We learned about Nairobi epidurals today. We laid one of the women on the floor and taped long strings of toilet paper to her to represent all the different things the mother must negotiate during labor. The epidural is still very new and so is met with skepticism from locals. Women are afraid to use one because they do not know about the side effects. They think it may make them go blind, or worse. So women avoid them. But at only about US$25, women are starting to take notice. Almost every international resident uses one at birth.

Families share the fear of epidural, and families can be just as destructive to a mother’s trust in herself as they are in the US. So families complain the woman is weak if she uses an epidural. In some cases, the women will use an epidural but not let her family know she did.

I’m not sure how I feel about epidurals that must be planned in advance. On the one hand this means the woman must meet with the anesthesiologist before labor begins to learn about the process and consent to the procedure. She is better able to ask her questions and be properly informed before agreeing. But on the flip side, this means that a woman must choose to use an epidural before she even tries labor, and the epidural is often placed at 3 cm so the woman gets complete pain control for the entire labor. Nothing is ever easy.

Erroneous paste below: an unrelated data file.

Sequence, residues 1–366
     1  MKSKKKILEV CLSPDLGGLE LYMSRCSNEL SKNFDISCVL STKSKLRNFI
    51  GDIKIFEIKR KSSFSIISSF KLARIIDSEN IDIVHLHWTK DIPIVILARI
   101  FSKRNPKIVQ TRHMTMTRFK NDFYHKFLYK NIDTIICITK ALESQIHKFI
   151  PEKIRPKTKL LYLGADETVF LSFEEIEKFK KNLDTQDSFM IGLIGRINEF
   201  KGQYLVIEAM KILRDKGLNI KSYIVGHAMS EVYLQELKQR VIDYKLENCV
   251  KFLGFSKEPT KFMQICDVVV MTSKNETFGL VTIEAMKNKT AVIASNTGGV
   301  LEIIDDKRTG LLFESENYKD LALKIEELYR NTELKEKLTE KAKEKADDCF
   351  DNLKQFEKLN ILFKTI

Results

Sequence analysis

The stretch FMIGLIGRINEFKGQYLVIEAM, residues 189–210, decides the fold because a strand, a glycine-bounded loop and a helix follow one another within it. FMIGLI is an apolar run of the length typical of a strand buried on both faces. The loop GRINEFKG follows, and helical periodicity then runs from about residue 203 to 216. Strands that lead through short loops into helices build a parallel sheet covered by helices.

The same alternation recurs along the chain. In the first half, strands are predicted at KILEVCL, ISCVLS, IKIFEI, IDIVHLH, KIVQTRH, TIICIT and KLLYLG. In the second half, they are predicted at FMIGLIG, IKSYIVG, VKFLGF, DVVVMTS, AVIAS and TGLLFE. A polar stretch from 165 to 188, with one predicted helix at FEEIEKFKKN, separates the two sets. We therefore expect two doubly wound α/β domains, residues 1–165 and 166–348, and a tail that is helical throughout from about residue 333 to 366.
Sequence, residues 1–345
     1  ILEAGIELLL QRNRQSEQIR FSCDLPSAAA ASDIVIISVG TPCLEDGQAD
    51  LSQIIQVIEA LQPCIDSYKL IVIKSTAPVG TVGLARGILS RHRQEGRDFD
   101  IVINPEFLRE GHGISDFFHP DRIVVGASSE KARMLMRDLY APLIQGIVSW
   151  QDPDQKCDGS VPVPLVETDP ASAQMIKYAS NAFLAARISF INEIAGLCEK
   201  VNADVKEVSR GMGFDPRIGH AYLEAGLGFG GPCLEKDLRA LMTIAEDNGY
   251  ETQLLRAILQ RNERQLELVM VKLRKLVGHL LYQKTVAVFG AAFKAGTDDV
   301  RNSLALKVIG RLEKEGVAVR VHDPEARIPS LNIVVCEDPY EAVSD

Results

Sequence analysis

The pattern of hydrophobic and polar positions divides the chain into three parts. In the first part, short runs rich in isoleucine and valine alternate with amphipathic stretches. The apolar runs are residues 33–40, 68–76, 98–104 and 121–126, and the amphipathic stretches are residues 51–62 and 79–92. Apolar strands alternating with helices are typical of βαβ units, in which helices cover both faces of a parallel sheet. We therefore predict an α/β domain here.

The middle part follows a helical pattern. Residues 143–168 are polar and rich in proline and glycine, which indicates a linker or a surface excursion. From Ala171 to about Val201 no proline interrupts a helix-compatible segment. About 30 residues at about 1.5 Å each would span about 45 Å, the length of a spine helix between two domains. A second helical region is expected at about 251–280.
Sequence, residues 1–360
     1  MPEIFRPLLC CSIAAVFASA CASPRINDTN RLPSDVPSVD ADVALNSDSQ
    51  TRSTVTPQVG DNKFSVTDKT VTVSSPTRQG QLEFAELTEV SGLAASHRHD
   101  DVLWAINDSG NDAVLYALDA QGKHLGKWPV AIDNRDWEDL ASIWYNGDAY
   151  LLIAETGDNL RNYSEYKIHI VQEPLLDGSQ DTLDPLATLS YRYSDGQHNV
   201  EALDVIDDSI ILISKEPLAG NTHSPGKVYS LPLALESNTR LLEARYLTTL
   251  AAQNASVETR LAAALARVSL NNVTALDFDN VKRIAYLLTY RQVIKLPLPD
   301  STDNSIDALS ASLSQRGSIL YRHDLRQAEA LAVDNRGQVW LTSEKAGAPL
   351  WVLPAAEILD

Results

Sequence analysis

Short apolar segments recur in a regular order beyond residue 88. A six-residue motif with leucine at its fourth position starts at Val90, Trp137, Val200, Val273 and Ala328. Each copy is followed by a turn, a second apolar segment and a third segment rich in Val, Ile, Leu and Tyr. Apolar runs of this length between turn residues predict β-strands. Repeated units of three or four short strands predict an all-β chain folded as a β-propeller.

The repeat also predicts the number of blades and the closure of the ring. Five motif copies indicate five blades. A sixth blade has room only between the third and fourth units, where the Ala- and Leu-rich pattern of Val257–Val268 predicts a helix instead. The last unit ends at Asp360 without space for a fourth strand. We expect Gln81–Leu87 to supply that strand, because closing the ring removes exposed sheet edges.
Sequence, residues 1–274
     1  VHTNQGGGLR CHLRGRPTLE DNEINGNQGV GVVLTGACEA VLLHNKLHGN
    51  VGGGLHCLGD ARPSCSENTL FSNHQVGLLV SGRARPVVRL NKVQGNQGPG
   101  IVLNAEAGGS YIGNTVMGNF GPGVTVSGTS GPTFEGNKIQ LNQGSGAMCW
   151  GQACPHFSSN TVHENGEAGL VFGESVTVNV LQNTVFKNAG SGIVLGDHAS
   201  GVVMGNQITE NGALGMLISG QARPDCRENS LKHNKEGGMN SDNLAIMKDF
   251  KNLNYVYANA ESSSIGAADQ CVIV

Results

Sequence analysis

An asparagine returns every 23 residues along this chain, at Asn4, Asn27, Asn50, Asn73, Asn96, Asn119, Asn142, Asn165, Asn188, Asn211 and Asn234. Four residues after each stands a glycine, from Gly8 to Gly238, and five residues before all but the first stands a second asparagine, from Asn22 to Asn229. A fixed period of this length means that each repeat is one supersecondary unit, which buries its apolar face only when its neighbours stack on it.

The following two tabs change content below.
Jennifer Vanderlaan CNM MPH is the author of the BirthingNaturally.net website. She has been working with expectant families since 2000, training doulas, childbirth educators, and midwives. She has worked with midwives in Central America and Sub-Saharan Africa. Her interest in public health grew in 2010, and she is now a PhD student learning to become a producer of knowledge.

Latest posts by Jennifer Vanderlaan (see all)